Scientists overwhelmingly supported public engagement with science with 98% reporting participating in at least one science engagement event during the year.

Figure 1 highlights how 53% of academics reported that science engagement activities were important to them. Younger faculty placed even more importance on public engagement.


However, despite most scientists reporting high levels of personal support for science public engagement, only a minority (43%) reported that higher level employees, like department chairs, had science engagement as a priority at their institution. An even smaller number (23%) of scientists thought that their colleagues valued science engagement. Scientists also didn’t feel that residents in their surrounding community valued science engagement, with only 37% reporting that residents found science engagement highly important.


A figure showing survey responses for how important scientists felt public engagement was to themselves, their peers and their superiors.
Figure 1. Survey responses about how participants and others value public engagement. Figures used under CC BY-NC-ND 4.0.

On a slightly more positive note, scientists responded that the objectives of public engagement should be more than to just inform or persuade the public, marking a departure from the deficit model of science communication. Instead, scientists picked a broader range of science communication objectives. Figure 2 shows that scientists said that public engagement should “get people excited about science” (83%), “increase public trust in the scientific community” (88%) and “learn what members of the public think about specific issues” (82%).


A figure showing the survey responses for the objectives of public engagement.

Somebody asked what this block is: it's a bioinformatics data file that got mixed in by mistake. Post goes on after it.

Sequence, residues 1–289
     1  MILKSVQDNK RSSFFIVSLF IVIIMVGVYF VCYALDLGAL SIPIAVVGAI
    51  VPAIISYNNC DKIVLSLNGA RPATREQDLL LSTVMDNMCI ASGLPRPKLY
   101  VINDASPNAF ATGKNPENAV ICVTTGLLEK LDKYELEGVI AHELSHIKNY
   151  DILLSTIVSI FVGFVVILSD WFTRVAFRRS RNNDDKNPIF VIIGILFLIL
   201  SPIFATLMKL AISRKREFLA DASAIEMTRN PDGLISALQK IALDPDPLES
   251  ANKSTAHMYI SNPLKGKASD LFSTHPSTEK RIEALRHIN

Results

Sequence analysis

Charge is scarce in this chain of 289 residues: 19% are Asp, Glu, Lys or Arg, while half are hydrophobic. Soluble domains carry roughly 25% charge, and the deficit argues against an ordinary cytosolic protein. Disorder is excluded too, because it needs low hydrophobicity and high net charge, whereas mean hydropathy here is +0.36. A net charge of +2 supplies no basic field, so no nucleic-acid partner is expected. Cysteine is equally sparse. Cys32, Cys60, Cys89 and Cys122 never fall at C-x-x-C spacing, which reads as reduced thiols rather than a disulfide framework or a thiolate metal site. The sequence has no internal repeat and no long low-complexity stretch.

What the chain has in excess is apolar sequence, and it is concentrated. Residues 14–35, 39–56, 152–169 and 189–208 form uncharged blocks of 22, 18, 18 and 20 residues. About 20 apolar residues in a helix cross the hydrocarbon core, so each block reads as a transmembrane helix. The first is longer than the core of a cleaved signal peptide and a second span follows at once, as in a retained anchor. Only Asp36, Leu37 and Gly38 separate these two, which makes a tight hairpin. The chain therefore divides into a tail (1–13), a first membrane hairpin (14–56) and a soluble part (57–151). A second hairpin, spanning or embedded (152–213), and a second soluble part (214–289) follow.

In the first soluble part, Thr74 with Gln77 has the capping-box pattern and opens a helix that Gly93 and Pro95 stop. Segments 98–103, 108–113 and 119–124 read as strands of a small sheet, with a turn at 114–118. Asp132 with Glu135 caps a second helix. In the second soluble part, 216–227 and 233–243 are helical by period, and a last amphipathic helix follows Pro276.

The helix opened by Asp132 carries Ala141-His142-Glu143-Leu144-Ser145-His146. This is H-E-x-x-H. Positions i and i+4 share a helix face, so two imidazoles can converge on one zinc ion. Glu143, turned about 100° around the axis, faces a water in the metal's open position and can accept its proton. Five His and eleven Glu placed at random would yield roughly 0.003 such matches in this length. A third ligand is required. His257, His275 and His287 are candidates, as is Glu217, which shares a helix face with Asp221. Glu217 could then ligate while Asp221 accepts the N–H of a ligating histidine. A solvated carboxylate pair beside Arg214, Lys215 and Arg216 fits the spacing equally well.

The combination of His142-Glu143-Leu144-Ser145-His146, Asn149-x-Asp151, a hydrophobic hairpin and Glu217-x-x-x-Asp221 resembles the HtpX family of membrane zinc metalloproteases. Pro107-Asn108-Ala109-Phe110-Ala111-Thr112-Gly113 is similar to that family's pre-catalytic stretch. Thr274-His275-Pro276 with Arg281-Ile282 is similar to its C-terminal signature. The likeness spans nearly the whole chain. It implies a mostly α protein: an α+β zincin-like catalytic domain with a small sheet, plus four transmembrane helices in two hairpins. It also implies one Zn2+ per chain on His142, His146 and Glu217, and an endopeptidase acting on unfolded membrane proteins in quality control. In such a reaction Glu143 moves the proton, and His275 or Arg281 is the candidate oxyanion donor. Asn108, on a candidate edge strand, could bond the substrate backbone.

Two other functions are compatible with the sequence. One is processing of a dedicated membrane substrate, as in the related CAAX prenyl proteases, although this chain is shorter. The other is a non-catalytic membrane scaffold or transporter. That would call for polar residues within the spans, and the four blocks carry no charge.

Figure 2. Survey responses indicating what the objectives of public engagement should be. Figures used under CC BY-NC-ND 4.0.

Scientists also reported strong confidence in their ability to explain science concepts to a lay audience (67%) and to adjust to different audiences (62%). However, most scientists (58%) did not feel comfortable responding to criticism from an audience.


The Findings


The fact that more scientists, and younger scientists are considering broader objectives for science engagement, instead of just persuasion, hints towards more productive engagement efforts, which could have a marked impact on public support for science and scientific institutions. Though scientists reported valuing science engagement and participating in engagement events, the authors point out that the lack of support that scientists feel from those higher up in their institutions and their peers could hinder their success in creating meaningful science engagement. In other words, the scientists currently involved in public engagement might be the ones who would be involved regardless. In order to get more scientists to participate in public engagement and to get current public engagement to go further, institutions need to make their support known. This entails a cultural shift in academia where endeavors in public engagement are valued just as much as research endeavors, with support provided to match. If scientists are to heed to call for more effective public engagement, institutions need to provide practical science communication training and resources to their science faculty, as well as recognition and respect for public engagement.


Edited by: Andrea Isabel López and Niveen AbiGhannam

Cover image credit: Kampus Production, Pexels